How Anyone With A DSLR Can Photograph The Milky Way
Recommended Camera Settings:
- Shoot in Manual (M)
- Shutter Speed: 10 – 30 Seconds
- Aperture: f/1.4 or f/2.8
- ISO: 3200 or Higher
- White Balance: Incandescent or tungsten.
If your lens can shoot as high as f/1.4 then shoot for 15 seconds. F/2.8 or lower shoot up to 30 seconds. ISO depends on how good your camera is at reducing noise. Experiment with your equipment to see which is best. Most kit lenses only reach f/3.5 aperture in which case shoot 30 seconds at 3200 and zoom out.
- A wide angle lens with an f-stop of at least 2.8 (smaller number = wider lens opening)
This is the most difficult part. You want to make sure your stars are not blurry. If possible find a star that is bright or a distant street or house light and manually focus on that. If you know how to open your lens to infinity mode, do that. Sometimes with my Tokina 11-16 lens is able to auto focus on the sky. Just make sure you switch back to manual focus.
- Milky way is best to shoot from May to July as the galactic core becomes visible. This is the most exciting part of the milky way.
- Use a release cable to reduce any camera shake
- It is best to shoot when the moon is not bright. I personally prefer to shoot during the time around the new moon when lunar light pollution is little or nonexistent.
- Find a dark location that does not have a lot of bright lights between you and where the milky way will be.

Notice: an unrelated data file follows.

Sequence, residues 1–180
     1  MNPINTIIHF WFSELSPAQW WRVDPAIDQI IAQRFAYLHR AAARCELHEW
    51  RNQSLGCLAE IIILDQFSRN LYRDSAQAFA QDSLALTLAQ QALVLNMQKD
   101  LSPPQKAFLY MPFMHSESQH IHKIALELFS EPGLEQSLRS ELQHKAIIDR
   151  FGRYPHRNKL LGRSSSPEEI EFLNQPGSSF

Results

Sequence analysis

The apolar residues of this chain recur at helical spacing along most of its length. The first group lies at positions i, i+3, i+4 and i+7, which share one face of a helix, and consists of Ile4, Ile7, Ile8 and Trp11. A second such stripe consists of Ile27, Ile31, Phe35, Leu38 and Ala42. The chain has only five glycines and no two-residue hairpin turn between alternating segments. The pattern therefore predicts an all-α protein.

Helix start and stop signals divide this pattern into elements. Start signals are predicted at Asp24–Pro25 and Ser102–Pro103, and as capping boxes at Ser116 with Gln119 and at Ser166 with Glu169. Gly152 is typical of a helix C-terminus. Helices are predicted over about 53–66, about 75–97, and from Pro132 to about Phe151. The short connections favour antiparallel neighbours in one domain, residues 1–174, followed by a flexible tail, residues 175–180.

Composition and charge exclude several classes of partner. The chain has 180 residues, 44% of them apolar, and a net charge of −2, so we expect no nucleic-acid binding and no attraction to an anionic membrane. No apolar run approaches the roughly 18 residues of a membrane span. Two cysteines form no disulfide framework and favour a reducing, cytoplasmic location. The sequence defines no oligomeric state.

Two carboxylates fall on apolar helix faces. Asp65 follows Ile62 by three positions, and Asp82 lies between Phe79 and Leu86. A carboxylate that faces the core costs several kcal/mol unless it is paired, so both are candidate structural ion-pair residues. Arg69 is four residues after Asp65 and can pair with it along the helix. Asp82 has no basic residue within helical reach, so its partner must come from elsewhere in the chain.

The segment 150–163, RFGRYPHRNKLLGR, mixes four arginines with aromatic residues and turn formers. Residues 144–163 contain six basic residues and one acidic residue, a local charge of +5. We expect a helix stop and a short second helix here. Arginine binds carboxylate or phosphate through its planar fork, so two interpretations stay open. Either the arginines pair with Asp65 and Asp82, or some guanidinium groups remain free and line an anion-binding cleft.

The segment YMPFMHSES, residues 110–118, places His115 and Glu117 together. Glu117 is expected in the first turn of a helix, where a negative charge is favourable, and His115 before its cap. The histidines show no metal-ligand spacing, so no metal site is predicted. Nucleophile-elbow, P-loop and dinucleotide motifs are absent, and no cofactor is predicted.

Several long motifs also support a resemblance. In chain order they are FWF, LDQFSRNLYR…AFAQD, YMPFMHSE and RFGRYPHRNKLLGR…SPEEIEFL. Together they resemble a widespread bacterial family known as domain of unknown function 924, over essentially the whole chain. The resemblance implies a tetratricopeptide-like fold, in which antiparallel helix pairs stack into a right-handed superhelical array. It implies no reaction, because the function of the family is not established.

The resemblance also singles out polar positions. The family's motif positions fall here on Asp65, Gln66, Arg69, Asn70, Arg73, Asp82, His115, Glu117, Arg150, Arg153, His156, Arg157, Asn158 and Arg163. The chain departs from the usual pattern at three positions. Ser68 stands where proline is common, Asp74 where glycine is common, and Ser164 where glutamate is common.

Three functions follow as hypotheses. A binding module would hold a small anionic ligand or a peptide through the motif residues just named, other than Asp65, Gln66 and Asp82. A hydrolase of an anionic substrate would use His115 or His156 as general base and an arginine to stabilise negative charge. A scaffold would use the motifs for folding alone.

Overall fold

- Shoot from a place you scouted during the daylight. This way you can find something interesting to have in the foreground and can become familiar with any potential hazards. A good foreground can turn a cool shot into an amazing shot!
- Experiment with your flashlight by lighting objects in the foreground like an abandoned house or tractor. You only need a few seconds of light per exposure.
- There are plenty of apps that will tell you where the Milky Way will be located. In summer it is in the SE or SW sky.
- It’s a good idea to ensure you will have clear skies before you head out.
- Shoot in RAW to provide you more flexibility when post processing in programs like Lightroom.
- Many people find it easier to shoot in live view. I am one of those who do this.
- To keep the stars crisp try to time each exposure to 15 to 20 seconds long. This will keep the stars from trailing in your image. Read more about the ‘500 Rule‘.
Tokina 11-16mm f/2.8 (Canon and Nikon)
Tokina 16-28mm f2.8 (Canon and Nikon)
Rokinon 24mm f/1.4 (Canon and Nikon)
By Chris Attrell